Are there any commonly used chord progressions in musical theatre styled pieces?

I've been trying to compose a piece in this style for a while now, and I'm having trouble finding appropriate sounding chord progressions or chords that fit in with the style.

Edit: By style, I meant the more modern, 'contemporary' musical theatre styled songs (think 'Wicked' or 'The Unauthorised Autobiography of Samantha Brown')

  • 2
    That's pretty broad. Some musical theatre can be classically influenced (Les Mis, Phantom of the Opera) others can be rocky or poppy (Rent) etc
    – scrowler
    Sep 26, 2014 at 3:09
  • 2
    @scrowler Updated question.
    – KoA
    Sep 26, 2014 at 3:16

4 Answers 4


"Musical Theater" is as broad of a category as they come. From the almost primitively classical works of Gilbert and Sullivan to modern avant garde styles that defy analysis, and every classical and popular style in between. You'll need to specify a composer or show that you want to sound similar to in order to get a specific answer.

One thing I'll point to that's very common in modern pop styles, and isn't so common outside of MT is the use of a IV chord over the 5th scale degree, which resolves to I. So in C major, that would be an F chord with a G in the bass (resolving to C). You could analyze that in a few different ways:

  • An add9 chord with the 9th in the bass
  • A plagal cadence in the treble with an authentic cadence in the bass
  • A heavily extended/modified/suspended V chord

Whatever the analysis, the result is a chord with a medium amount of tension that resolves with an amount of pull somewhere between the authentic and plagal cadences.

Edit: I just saw your edit.

So yeah, the chord above is a big part of those genres. You also see a lot of highly extended chords, in particular 6ths (call it a 13th if you like), 9 or add9, or both (6/9). Lots of first inversion chords to make stepwise bass patterns (e.g. I → V6 → vi(7)). You also see lots of suspended chords, often not resolving as they would classically but instead just substituting for their "normal" versions. In general, crunch things up a bit by sticking some non-chord tones in there that are only a bit dissonant.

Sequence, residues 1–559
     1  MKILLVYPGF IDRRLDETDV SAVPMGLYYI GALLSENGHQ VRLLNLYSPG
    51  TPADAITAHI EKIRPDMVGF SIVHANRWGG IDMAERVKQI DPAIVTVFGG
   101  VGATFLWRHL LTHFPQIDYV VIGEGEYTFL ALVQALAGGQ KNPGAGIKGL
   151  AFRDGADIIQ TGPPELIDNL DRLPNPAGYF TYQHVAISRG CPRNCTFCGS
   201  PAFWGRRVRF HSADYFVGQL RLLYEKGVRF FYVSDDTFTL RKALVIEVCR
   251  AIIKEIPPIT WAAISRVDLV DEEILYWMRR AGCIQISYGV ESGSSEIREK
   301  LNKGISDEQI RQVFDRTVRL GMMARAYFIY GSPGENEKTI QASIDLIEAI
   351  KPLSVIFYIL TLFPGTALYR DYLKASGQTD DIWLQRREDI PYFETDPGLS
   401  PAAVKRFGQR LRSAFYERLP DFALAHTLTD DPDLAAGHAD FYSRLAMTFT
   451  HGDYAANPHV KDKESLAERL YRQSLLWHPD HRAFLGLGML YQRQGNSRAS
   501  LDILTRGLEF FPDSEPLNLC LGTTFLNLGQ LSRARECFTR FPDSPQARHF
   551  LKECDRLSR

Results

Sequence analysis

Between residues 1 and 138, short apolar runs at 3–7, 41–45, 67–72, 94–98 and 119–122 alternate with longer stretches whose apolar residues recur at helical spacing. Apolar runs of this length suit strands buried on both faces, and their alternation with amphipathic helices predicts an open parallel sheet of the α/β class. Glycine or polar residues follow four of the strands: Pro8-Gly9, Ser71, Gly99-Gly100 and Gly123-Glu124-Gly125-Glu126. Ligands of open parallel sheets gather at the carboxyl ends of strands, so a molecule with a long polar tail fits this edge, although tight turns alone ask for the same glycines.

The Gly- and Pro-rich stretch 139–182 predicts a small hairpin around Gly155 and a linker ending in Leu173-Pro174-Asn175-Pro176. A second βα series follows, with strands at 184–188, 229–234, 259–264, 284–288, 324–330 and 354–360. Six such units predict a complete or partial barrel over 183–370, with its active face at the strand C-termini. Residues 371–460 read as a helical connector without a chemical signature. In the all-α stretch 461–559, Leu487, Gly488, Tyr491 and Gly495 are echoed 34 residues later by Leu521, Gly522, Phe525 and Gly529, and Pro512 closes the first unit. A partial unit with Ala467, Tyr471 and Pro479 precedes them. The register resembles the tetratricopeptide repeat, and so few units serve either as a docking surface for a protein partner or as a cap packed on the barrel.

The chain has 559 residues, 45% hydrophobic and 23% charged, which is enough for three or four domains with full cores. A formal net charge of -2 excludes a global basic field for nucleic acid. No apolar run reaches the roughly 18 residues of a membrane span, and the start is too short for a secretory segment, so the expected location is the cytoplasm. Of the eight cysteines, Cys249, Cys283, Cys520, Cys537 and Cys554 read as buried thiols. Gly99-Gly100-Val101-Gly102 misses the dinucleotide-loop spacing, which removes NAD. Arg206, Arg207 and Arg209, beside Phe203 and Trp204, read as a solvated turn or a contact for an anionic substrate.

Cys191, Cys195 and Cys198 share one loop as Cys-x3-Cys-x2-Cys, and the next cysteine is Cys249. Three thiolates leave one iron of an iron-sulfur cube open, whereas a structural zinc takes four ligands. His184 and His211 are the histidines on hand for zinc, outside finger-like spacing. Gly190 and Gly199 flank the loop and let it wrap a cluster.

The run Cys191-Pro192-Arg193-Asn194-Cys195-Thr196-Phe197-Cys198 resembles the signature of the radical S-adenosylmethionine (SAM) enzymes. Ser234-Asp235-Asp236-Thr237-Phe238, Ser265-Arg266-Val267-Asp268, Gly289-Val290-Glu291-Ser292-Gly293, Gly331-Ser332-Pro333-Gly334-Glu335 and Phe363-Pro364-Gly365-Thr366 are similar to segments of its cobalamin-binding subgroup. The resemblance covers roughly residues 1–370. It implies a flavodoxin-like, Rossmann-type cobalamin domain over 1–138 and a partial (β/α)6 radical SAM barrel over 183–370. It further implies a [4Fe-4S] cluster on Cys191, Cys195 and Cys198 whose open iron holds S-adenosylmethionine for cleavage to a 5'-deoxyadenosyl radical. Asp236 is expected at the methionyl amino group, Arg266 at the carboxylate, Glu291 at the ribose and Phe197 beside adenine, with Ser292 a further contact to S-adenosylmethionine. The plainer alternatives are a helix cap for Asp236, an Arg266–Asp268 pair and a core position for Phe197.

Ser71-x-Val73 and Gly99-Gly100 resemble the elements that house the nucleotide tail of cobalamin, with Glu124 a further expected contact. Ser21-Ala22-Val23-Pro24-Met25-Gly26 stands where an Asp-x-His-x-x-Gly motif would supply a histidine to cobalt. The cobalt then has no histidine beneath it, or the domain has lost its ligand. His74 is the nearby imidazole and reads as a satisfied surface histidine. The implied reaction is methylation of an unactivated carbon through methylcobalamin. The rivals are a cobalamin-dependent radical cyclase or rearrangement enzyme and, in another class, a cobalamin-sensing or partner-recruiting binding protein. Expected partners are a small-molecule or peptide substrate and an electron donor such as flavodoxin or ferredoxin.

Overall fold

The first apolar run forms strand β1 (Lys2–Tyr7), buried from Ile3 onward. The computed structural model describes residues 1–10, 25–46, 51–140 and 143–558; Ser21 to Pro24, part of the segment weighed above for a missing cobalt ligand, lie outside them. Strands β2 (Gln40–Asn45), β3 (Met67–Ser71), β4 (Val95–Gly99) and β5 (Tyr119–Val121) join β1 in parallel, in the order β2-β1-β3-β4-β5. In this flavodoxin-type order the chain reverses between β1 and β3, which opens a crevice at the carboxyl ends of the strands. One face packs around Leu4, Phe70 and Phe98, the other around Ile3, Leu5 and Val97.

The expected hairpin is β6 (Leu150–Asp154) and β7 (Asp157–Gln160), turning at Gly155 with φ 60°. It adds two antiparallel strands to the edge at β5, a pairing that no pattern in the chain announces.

Another huge part of it is rhythm. There's lots of syncopation in the accompaniment. A few common patterns:

  • 3+3+2
  • 3+2+3
  • Accents on the upbeats of 3 and 4, often with the chord change happening on that upbeat of 4 (that is, anticipating by a half beat)

I'm away from my computer with notation software installed, and I don't want to go digging through what I can find on Google, but if you're interested I can jot down some brief sketches illustrating all of the above tonight.


Every composer has their differences. They do usually add extra notes to the major or minor chords but to me in broadway I don't worry about chords. I may just have a melody playing to some normal chords with a baseline descending down the major scale starting at the tonic or the dominant. Orchestration is also crucial to broadway. Many famous writers use a little bit of jazz and classical in their songs. They may use solo instruments like violin or cello. They could just have piano playing. Play around and if something sounds good, find out why it does. I suggest you just listen to an musicals that you want to mimic (Les Miserables)(Wicked)(Phantom of the Opera)(King and I)(Adams Family)(Hello Dolly). All of these are probably what you mean.


It seems almost obligatory to end a ballad with a tonic(add 9) chord.


The 'diminished run' seems to pop up in all styles of theatre music. enter image description here

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